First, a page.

Document Everything: The Secret to Measuring Progress

First Published: December 18, 2020

Do you ever feel totally lost? Do you ever feel unsure if you're making any progress? You're slogging along in your day job, or grinding away learning to code in the evenings, or putting in work on a side business, and you just have no idea if you're moving the needle towards any of your goals. This doesn't have to be work related, either. Maybe you're trying to lose weight or pay down debt and you never feel the end is in sight.

I've been in all of those situations and felt all of those things:

  • In my early-20s, I was scared I had made a huge mistake taking a straight commission insurance job during a recession and worried I wasn't going to pay my rent or keep the lights on.
  • In my mid-20s, I was frustrated working a lame day job with what felt like a useless liberal arts degree.
  • In my late-20s, I was worried I was going to immediately get fired from my first developer job after moving across the country to Portland .
  • At 31, I was worried my first video course would flop and the hundreds of hours I had put into it would be wasted and help no one.
  • At various times in my life, I've felt like I wasn't losing weight fast enough or that I'd never get out of debt.

Sometimes those fears materialized, sometimes they didn't (thankfully I didn't get fired from my first dev job). Either way, I got through them. Looking back over the long term, it's easy to see how those events shaped me and how I was making progress. My "useless liberal arts degree" taught me how to research and teach complex ideas. Commission sales made me more resilient and got me out of my shy, introverted shell. Spending hundreds of hours building a video course laid the foundation of my career in developer relations.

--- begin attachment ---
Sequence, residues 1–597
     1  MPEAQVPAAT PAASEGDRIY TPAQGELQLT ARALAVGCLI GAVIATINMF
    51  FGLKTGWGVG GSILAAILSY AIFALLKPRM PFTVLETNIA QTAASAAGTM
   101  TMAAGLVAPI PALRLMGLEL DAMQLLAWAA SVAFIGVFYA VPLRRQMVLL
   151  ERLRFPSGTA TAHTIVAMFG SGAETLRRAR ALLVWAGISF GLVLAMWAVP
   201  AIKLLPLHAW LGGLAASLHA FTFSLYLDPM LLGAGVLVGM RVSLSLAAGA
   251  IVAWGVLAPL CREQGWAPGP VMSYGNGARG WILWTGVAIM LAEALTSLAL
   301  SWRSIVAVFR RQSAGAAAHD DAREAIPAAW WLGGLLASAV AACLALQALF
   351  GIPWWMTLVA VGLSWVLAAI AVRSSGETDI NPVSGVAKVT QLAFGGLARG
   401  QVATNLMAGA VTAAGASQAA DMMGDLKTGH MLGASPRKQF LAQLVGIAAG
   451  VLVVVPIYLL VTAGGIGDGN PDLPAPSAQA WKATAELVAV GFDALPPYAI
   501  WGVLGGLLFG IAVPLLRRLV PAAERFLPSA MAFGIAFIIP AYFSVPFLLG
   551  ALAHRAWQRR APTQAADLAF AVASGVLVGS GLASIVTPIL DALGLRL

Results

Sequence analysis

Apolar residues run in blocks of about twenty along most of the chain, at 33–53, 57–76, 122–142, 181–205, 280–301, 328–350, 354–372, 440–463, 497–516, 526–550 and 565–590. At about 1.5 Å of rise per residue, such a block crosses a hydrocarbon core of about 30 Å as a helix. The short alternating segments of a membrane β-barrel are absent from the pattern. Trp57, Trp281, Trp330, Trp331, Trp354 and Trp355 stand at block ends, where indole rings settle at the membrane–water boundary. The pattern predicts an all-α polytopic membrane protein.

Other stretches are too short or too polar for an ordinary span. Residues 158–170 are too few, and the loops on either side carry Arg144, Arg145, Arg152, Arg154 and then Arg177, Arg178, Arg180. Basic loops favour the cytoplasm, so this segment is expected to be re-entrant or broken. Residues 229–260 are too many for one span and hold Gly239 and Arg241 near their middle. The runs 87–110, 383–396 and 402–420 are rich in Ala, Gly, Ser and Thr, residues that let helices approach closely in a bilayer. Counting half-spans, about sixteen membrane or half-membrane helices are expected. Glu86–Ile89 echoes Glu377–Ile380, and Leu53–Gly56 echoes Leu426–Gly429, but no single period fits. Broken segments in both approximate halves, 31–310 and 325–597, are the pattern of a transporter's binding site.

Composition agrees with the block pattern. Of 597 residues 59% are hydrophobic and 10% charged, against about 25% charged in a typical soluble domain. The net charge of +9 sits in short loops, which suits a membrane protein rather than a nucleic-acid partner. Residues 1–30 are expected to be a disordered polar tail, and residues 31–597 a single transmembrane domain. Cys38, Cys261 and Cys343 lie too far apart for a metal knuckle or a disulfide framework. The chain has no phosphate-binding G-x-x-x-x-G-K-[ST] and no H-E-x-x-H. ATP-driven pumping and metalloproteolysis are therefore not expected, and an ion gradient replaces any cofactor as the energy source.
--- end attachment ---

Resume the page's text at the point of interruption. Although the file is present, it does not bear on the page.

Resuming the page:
But in the day-to-day grind, it didn't feel like I was making progress. Objectively, I was making progress, but it wasn't happening as fast as I wanted or in the way I expected it to.

What if we could capture those feelings and be able to see our progress day by day? We would have objective proof we were making progress when we didn't feel it. It turns out we can do this and that it doesn't take nearly the amount of effort you might guess. In fact, it only takes a few minutes a day.

How to Track Progress by Documenting Everything

I recently stumbled onto a Google doc that reminded me of a habit I got into a few years ago that was a huge game-changer despite being so simple. For several months at a time, every day I would jot down whatever I was working on or thinking about. I call this documenting everything.

Documenting everything means writing down as often and consistently as possible:

  • Progress on projects
  • What you're thinking
  • What you're feeling
  • What you're worried about

You might be thinking, "You mean journaling? Great job bud, you've invented journaling. So glad I subscribed to your groundbreaking newsletter!" It's definitely a form of journaling (and I definitely didn't invent it), but for some reason for me journaling feels like this Big Process with lots of Rules. I'm talking about sketching notes and jotting down feelings with no other purpose or overarching plan. You might even consider it a "Daily Stand-Up" meeting with yourself. It's informal and just takes a few minutes a day, but it velds a huge amount of value.